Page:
The U.S. economy expanded at a "modest to
moderate pace" from mid-February through late March, the rate-setting
Federal Reserve reported Wednesday.
In its "Beige Book" report on economic activity in regions across the country, the central bank said that manufacturing continued its expansion in most areas "with gains noted in automotive and high-technology industries."
Manufacturers "expressed optimism about near-term growth prospects, but they are somewhat concerned about rising petroleum prices."
There was "some improvement" in residential housing, with reports of increased construction of multi-family housing, the Fed said. Regionally, the housing sector remained "lacklustre" in parts of the Midwest and the West Coast.
The collapse of the US housing bubble in 2007 helped precipitate the deep 2008-09 recession, and continued weakness in the housing market has continued to drag on the tepid economic recovery.
Business services showed "modest to strong growth" while freight volume was "mainly higher," the Fed said. Retail spending was helped in many regions by unseasonably warm weather.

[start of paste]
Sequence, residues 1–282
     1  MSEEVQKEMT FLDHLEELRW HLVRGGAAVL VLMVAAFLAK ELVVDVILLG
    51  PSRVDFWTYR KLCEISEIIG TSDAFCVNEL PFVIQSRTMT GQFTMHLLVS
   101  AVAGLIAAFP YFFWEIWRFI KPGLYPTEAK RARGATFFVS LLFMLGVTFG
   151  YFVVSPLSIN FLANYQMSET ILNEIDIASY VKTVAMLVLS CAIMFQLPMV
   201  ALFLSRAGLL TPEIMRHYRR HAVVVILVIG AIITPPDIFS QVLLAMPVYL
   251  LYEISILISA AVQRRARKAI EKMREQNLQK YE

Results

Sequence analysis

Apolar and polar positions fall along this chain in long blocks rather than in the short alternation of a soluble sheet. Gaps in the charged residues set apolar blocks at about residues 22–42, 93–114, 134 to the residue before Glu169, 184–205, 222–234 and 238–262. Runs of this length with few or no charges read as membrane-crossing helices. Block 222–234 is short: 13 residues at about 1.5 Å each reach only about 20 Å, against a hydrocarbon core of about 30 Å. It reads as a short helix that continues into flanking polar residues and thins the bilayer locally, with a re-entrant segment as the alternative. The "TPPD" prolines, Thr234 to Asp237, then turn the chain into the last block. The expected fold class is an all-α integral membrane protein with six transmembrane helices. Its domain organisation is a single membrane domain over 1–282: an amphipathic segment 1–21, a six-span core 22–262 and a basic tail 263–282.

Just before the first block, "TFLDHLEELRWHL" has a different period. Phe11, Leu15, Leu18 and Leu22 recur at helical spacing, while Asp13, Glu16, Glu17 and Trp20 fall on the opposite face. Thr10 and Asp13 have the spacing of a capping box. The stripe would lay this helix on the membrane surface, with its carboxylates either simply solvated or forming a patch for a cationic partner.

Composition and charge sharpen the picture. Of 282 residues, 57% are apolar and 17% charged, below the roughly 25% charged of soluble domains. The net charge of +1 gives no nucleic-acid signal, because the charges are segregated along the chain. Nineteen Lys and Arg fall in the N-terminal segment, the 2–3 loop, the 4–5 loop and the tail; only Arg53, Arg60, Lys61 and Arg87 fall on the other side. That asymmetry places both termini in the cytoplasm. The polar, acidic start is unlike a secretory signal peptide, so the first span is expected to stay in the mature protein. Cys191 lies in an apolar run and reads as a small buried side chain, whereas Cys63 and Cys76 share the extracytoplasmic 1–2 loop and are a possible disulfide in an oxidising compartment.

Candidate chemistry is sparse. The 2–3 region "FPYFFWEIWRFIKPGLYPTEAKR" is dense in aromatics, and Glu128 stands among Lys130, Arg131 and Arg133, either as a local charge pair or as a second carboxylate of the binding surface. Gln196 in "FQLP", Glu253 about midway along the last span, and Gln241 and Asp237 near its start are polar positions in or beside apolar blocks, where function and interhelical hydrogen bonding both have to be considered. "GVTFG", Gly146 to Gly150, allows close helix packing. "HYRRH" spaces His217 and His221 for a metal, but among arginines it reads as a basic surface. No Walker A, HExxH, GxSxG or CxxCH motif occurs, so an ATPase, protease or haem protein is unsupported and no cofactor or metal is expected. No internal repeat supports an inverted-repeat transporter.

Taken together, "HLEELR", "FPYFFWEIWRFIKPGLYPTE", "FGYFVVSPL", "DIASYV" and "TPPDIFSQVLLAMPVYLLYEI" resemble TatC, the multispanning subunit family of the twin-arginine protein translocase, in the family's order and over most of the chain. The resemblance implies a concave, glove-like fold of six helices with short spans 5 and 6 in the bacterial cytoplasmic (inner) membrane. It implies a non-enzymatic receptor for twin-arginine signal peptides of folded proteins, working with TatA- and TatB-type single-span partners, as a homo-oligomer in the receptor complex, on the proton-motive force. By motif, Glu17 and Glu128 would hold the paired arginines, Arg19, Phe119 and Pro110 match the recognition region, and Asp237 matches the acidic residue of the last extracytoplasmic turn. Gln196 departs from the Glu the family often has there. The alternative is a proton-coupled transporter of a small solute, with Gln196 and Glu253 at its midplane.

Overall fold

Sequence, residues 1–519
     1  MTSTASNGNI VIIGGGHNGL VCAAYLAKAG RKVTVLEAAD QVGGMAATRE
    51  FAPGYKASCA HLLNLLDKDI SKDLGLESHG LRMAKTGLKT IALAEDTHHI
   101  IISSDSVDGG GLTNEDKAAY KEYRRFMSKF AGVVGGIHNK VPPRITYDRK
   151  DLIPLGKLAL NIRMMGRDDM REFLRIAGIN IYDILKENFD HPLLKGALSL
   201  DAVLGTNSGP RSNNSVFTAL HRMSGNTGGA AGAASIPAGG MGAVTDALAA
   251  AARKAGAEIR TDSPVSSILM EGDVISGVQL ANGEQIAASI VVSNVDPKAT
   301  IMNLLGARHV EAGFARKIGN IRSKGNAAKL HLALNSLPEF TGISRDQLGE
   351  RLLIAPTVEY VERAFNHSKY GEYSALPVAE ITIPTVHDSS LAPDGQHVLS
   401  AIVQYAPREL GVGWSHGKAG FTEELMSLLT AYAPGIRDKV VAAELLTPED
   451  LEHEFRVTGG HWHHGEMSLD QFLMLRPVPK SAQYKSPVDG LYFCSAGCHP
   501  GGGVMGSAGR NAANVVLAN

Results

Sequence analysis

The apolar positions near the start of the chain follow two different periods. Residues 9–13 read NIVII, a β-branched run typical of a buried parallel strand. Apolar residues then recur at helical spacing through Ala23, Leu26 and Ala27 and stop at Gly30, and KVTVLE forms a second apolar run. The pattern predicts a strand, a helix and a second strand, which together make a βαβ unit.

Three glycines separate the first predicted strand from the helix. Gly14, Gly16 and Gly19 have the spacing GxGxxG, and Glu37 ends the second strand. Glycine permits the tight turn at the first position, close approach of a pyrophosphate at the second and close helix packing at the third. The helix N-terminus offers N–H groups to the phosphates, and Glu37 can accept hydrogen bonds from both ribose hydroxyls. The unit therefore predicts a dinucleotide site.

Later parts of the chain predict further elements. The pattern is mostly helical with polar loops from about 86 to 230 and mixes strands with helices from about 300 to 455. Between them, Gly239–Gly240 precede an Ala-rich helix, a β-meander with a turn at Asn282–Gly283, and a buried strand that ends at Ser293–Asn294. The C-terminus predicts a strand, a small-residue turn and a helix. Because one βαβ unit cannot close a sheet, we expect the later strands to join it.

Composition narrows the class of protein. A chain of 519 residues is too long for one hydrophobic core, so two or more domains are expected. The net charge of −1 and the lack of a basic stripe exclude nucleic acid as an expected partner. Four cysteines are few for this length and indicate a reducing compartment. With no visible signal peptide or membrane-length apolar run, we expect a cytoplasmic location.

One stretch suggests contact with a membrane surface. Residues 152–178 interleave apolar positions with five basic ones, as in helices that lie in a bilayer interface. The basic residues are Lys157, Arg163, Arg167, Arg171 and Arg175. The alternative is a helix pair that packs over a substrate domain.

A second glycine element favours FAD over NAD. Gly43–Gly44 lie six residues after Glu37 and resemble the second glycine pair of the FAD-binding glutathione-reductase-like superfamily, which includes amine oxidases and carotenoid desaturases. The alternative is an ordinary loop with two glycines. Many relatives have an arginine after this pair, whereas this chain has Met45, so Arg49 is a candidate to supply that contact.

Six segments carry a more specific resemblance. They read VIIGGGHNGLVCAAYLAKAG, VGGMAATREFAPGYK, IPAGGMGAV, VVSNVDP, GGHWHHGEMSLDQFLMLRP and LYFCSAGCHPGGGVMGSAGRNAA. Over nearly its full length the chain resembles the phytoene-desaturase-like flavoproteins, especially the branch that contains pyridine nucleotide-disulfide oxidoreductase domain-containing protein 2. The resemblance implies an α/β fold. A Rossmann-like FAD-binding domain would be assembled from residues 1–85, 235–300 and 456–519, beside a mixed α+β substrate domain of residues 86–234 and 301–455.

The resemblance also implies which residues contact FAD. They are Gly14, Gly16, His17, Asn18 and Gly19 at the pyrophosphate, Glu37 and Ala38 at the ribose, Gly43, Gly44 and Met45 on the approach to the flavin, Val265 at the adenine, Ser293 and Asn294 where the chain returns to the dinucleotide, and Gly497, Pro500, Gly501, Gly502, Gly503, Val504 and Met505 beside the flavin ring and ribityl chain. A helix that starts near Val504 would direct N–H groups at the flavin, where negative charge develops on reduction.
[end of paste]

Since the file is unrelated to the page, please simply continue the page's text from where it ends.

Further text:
The Fed said that the near-term outlook for household spending was "encouraging," but cited concerns that rising petrol prices "could limit discretionary spending in the months to come."
Wage increases and other inflationary pressures were "modest," except for fuel prices.
The US unemployment rate dipped in March to 8.2 per cent, though the pace of payroll expansion slowed.
In the Beige Book report, the Fed said that "hiring was steady or showed a modest increase" in many parts of the country. "Difficulty finding qualified workers, especially for high-skilled positions, was frequently reported," the report said.
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